‘Building to catch up’: Pender’s proposed multi-million school bond will reduce overcrowding and raise taxes

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Six of Pender County’s schools are overcapacity, with capacity nearing capacity. A proposed $178 million school bond would help ease congestion by building two new schools and improving or expanding others. (Port City Daily/File)

PENDER COUNTY – While Pender County taxpayers can be pleased with the County Commissioner’s decision not to raise taxes next fiscal year, that doesn’t mean they won’t face a financial obligation in a near future.

The Pender County Board of Commissioners formally gave the go-ahead at Monday’s meeting to hold a school bond referendum in the November ballot. The proposed bond could raise tax rates in the county by a minimum of 9 cents and a maximum of 26 cents, if approved this fall.

Residents have seven days to submit any opposition to the referendum in writing.

READ MORE: Pender County schools seek referendum on $178 million bond in November ballot

Pender County Schools formally asked the county to add a $178 million school bond referendum proposal at last month’s commissioners’ meeting, but have been discussing the need since March. The funds would cover much-needed capital projects as the county faces overcrowding in schools and accelerated growth.

In the county-approved 2022-23 budget, there is no tax rate increase. County Executive Chad McEwen explained that while the county could have benefited, because of the proposed projects in the pipeline, he did not want to jeopardize the school bond.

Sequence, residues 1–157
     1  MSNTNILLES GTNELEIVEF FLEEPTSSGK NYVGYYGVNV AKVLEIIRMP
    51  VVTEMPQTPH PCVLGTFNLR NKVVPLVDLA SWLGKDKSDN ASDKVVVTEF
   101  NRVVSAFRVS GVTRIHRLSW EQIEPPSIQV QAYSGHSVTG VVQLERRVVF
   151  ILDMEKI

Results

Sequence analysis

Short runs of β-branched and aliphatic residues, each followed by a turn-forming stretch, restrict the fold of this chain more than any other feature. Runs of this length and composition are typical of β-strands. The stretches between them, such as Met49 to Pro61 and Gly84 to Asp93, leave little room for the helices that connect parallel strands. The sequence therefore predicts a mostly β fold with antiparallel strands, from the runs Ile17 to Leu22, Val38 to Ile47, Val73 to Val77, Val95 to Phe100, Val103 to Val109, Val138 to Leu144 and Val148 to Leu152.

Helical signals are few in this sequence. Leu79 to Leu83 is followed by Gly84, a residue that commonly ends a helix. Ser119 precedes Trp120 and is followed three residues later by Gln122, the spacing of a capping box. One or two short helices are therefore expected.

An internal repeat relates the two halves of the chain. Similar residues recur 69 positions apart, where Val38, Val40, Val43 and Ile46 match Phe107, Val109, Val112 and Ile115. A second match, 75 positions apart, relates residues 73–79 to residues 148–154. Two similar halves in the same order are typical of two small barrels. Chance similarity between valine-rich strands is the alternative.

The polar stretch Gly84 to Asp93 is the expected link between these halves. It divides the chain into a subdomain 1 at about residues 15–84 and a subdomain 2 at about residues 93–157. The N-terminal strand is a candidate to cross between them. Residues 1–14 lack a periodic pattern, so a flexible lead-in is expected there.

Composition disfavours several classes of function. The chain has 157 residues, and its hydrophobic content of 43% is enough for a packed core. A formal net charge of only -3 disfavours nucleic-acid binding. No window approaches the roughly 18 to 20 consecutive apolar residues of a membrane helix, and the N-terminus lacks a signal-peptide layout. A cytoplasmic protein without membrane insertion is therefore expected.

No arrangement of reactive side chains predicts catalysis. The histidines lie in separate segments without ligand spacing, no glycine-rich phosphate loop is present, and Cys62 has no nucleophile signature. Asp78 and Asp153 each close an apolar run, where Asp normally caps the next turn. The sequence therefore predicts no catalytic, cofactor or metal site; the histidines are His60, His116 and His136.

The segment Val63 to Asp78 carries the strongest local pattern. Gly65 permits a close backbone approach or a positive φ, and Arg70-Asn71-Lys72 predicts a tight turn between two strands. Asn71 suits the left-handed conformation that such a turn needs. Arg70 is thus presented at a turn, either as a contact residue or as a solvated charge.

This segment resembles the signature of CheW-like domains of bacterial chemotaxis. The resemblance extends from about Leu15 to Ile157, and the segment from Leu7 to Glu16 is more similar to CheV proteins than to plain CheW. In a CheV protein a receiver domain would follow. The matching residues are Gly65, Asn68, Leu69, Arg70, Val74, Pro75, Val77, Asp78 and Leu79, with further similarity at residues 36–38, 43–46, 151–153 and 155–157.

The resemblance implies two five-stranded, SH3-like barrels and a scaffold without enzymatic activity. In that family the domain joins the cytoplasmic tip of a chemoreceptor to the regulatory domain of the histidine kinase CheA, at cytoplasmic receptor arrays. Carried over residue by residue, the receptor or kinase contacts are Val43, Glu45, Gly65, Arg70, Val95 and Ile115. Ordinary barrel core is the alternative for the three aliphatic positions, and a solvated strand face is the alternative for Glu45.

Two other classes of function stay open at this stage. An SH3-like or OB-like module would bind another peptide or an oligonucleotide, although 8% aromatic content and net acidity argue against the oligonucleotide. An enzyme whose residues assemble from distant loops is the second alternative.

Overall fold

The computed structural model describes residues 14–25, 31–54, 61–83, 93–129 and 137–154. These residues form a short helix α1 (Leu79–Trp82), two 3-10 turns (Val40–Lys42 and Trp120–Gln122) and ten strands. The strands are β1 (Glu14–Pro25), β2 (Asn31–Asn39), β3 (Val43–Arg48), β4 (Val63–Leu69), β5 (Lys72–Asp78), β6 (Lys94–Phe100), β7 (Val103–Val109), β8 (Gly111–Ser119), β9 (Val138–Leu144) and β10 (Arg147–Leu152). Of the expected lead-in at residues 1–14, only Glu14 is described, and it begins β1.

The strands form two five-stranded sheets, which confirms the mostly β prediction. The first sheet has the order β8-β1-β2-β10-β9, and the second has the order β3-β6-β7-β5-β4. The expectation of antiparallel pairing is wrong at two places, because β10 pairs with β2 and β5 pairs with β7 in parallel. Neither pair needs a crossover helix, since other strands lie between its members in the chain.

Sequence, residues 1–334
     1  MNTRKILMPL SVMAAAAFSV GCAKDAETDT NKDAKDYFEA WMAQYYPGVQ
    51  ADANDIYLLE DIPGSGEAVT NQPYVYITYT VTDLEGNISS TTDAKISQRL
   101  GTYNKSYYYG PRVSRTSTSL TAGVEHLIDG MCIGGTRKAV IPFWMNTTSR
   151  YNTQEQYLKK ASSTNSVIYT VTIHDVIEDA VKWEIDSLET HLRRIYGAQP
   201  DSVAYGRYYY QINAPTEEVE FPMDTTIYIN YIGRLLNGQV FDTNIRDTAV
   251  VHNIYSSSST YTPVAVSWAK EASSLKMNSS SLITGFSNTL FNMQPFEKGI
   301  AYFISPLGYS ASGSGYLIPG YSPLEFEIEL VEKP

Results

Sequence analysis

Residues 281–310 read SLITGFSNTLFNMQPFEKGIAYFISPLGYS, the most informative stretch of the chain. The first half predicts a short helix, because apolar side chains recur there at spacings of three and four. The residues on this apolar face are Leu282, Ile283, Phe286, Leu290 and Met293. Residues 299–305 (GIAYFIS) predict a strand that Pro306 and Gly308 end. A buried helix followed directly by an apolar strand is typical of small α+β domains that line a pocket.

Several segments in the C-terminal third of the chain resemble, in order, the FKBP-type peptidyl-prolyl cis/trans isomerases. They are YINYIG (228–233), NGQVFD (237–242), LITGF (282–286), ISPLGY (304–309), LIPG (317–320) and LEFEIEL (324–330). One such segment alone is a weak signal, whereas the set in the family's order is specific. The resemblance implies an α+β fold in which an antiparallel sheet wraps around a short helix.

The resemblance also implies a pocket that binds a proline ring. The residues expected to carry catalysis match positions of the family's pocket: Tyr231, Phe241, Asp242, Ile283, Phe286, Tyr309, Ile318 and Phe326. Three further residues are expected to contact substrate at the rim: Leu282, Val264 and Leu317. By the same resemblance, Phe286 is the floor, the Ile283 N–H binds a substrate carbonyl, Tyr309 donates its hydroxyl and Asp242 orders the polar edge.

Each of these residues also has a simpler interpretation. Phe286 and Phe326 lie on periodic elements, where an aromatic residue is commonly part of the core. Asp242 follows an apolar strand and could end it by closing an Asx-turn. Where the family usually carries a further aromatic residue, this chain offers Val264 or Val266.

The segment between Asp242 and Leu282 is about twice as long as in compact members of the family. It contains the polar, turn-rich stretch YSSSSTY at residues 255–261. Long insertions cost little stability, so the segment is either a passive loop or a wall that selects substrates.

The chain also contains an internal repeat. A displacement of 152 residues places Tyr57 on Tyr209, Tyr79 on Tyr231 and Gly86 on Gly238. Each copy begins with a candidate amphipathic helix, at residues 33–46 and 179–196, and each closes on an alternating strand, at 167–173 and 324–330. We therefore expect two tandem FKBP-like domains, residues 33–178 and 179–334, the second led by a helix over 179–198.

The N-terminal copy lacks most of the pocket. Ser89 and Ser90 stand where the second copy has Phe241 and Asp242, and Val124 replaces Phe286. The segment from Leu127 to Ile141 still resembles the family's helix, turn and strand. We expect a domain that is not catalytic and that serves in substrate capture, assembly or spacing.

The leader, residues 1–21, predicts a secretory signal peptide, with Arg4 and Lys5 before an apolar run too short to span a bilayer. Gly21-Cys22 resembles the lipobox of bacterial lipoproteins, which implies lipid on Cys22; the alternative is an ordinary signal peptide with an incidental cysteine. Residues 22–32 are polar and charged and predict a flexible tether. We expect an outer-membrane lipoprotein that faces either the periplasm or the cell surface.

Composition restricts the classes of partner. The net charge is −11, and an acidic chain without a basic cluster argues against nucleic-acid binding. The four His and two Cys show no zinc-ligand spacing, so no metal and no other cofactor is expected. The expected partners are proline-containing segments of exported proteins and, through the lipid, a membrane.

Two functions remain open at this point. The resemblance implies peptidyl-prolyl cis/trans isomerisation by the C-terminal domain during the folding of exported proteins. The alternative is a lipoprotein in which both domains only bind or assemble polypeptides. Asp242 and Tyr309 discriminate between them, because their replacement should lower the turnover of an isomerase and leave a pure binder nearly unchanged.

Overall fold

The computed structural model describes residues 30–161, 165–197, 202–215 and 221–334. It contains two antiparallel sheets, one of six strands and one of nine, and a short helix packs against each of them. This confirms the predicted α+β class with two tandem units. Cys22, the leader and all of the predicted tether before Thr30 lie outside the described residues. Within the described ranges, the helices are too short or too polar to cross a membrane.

“I didn’t think it was fair to the board of education that was following the school tie, with an understanding: if the tie is approved, taxes will go up to pay for it,” he said. “I didn’t want to do that twice.”

A total of $39.6 million has been allocated to schools in Pender County under the new budget for operating expenses, capital expenditures, debt service, a reserve contribution and for officers of the school resources.

“We have identified our children’s education as our number one priority and supported it in our budget allocation,” President David Piepmeyer said at Monday’s meeting. “I think this is the right place to put our money.”

There have been discussions in recent years about congestion within schools in Pender County, with a current population of over 10,500 students. Six schools are overcapacity, totaling 445 more students than they are equipped for, and others are close to capacity, according to Hill. To help mitigate the future impact on an already overcrowded district, PCS will build two new schools, as well as make necessary upgrades or expansions to a handful of others.